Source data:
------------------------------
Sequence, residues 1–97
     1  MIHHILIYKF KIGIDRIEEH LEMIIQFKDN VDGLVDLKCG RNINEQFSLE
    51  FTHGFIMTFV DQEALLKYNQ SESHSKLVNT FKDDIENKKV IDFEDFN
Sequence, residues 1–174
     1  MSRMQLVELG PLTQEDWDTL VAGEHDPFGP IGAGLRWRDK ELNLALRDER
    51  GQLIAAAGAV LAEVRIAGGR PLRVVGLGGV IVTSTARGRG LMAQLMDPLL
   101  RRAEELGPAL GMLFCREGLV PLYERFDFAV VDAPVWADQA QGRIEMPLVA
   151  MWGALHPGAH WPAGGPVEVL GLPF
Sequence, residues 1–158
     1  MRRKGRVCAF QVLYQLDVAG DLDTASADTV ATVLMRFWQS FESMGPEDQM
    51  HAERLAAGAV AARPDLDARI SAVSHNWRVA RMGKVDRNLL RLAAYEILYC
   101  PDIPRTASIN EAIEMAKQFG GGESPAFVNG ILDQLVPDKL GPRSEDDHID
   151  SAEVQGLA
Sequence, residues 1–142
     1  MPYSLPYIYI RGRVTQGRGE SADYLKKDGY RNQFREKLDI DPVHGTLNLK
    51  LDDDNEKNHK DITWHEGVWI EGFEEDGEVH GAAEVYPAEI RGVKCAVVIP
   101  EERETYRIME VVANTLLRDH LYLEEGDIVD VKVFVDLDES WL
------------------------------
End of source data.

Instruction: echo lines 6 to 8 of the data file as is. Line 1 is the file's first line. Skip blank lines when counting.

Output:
    51  GQLIAAAGAV LAEVRIAGGR PLRVVGLGGV IVTSTARGRG LMAQLMDPLL
   101  RRAEELGPAL GMLFCREGLV PLYERFDFAV VDAPVWADQA QGRIEMPLVA
   151  MWGALHPGAH WPAGGPVEVL GLPF